For the week
of Monday, March 1, 1999 - Thursday, March 4,
Most of the
legislative work took place on the House and Senate
floors as lawmakers rushed to beat their second deadline
of the session. All bills must be passed out of their
house of origin by next Thursday, March 11th.
- Senators voted to end "social promotion"
in the public schools, setting up a system of "conditional promotion"
instead. SB 762 by Sen. Penny Williams would not allow a deficient
student to advance to the next grade, unless he or she agreed to undergo
tutoring or attend summer school to correct the deficiency.
- The full Senate gave
approval to Oklahoma's version of the so-called HOPE
scholarship program. The initiative would offer college
or vocational-technical school scholarships to high
school students who take tough core curriculum courses
and make good grades. It is modeled after a similar
program in Georgia.
- A measure designed to make workers
in the DHS Adult Protective Services Division more accountable was
approved by the full Senate. SB 768 by Sen. Frank Shurden would require
DHS to notify local law enforcement whenever the division begins an
investigation, and in some cases, the family. The entity traditionally
investigates charges of abuse and neglect of the elderly. Senator
Shurden said he drafted the legislation after receiving several complaints
about elderly people being forcibly evicted from their homes. The
issue was also the subject of an interim study.
- Senators approved an
amended version of a bill which would give expanded
authority to the State Fire Marshal's division. SB 419 by
Sen. Keith Leftwich was originally written to give the
marshal authority to make arrests, but it was amended to
allow the issuing of citations only.
- Employers who pay to
have their food service workers immunized for Hepatitis A
will get an income tax credit under legislation approved
by the Senate. SB 644 by Sen. Monson is designed to help
curtail the disease which is often transmitted through
contaminated food products.
- With dozens of county
officers looking down from the gallery, two county home
rule bills were killed on the House floor Monday. HB 1009
by Rep. John Bryant would have allowed individual
counties to decide which form of local government they
wanted, instead of requiring them to use the current
county commission form of government. It was defeated on
an 18-83 vote.
HB 1008 by Rep. Russ Roach would have allowed one county
to establish a three-year pilot project to study and
evaluate new forms of county government. Opponents of the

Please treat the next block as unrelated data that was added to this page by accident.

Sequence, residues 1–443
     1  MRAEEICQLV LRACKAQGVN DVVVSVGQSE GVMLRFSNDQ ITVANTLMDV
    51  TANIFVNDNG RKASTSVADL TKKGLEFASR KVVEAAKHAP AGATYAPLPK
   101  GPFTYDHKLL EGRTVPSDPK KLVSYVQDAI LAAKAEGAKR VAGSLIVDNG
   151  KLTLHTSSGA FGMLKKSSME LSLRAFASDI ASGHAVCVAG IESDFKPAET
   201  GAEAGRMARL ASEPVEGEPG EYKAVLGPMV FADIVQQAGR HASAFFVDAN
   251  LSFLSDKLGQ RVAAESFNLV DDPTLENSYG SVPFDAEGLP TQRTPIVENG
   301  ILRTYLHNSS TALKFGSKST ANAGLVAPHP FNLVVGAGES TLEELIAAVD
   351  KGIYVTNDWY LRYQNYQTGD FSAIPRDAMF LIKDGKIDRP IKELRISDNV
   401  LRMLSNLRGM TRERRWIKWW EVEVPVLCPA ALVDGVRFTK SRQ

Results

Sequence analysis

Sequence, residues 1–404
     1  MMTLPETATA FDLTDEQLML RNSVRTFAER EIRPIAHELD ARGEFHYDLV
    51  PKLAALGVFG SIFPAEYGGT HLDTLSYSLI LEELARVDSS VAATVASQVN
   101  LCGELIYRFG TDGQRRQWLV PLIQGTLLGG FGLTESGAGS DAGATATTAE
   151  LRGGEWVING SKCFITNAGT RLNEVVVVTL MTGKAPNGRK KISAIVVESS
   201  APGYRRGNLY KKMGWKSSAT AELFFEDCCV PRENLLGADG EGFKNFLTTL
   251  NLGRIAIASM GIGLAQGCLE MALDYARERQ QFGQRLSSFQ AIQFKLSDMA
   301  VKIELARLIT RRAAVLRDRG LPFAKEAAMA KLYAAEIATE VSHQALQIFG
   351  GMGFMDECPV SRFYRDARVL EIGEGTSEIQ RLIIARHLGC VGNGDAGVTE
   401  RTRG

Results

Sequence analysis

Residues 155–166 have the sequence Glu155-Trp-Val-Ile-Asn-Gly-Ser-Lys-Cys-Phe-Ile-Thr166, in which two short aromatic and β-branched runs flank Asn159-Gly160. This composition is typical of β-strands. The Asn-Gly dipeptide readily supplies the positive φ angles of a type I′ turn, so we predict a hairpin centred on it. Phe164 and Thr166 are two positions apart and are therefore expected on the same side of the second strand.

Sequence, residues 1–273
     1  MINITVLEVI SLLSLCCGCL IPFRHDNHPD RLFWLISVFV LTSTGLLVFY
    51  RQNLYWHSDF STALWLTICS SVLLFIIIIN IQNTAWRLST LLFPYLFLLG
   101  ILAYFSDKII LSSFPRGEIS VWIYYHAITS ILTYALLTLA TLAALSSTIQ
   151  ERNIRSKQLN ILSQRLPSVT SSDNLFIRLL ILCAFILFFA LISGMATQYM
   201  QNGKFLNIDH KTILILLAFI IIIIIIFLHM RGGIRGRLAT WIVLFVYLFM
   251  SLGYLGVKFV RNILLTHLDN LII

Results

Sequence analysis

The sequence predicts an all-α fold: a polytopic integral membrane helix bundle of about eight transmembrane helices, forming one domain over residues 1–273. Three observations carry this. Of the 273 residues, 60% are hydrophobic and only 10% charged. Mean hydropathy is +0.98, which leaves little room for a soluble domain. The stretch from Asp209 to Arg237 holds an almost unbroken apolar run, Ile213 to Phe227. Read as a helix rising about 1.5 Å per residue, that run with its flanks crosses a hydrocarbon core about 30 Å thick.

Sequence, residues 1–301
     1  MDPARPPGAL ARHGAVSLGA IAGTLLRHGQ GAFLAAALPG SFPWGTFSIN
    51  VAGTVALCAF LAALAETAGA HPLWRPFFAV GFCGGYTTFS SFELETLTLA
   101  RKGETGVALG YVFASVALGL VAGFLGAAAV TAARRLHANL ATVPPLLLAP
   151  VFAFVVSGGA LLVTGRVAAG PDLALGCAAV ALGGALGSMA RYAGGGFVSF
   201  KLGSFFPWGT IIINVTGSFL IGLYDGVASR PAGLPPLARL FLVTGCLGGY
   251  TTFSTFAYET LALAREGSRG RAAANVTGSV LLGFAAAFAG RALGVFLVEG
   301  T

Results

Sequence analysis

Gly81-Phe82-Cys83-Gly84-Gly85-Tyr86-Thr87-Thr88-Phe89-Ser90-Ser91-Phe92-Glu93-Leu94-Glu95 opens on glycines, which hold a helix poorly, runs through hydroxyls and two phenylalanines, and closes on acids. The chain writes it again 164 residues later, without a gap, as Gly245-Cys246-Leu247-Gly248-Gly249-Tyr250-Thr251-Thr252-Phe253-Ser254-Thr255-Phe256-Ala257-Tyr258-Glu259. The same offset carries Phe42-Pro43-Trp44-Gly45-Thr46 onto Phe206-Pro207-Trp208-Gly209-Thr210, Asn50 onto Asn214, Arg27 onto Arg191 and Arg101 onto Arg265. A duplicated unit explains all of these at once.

legislation felt the bill was tailored to fit Tulsa
County, but Roach insisted any county could participate.
It was defeated 16-85. On both bills, most of the aye
votes were cast by Tulsa County legislators. County home
rule has been a hot issue in the state's second largest
metro area where the Tulsa World newspaper has pushed for
a change in the current form of county government.
- The full House approved
legislation that would lower the legal limit on drunk
driving. HB 1550 by Rep. Larry Ferguson would drop the
current blood alcohol content limit from .10 percent to
.08 percent. The measure would also make it a felony if a
DUI offender registered more than a .15 blood alcohol
- The full Senate approved
legislation that would allow authorities to seize the
vehicles of second-time DUI offenders. SB 423 by Sen.
Kevin Easley was dubbed "Greg's Law" in memory of a Tulsa
teenager who was killed by a drunk driver. The measure
was approved on a 43-4 vote, despite some concerns that
vehicle seizures may inadvertently punish the families of
the DUI offender. Sen. Easley said he felt such a seizure
wasn't too stiff of a punishment in light of the damage
drunk drivers inflict on other families.
- Senators approved a
measure designed to boost funding for an ongoing weather
modification program. SB 101 by Sen. Robert Kerr would
create a 3 mill levy on each dollar of policy premium for
certain types of insurance sold in Oklahoma. Funding for
the cloud seeding program has been inconsistent in recent
years, leading Sen. Kerr to seek a stable revenue source
for the initiative. The measure would also create a
division within the Oklahoma Water Resources Board to
handle contracts for weather modification.
- Senators approved a
pilot project which will require 12 school districts to
put at least 90 percent of their education dollars
directly into the classroom. The proposal was offered as
an amendment to SB 363. The legislation passed on a 34-12
- Oklahoma voters may get
to decide whether they want to change the make up of the
State Pardon and Parole Board. SJR 26 by Sen. Dave
Herbert would require that one of the Governor's
appointees to the board be a crime victim. Because the
proposal would change the State Constitution, it must be
approved in a statewide vote.
- For a second time, the
Senate defeated a measure which would have required
motorists to turn on their headlights during rainstorms.
SB 328 by Sen. Jerry Smith failed on a motion to
- The full House defeated
legislation designed to crack down on motorists who cause
accidents because of their careless driving. HB 1268 by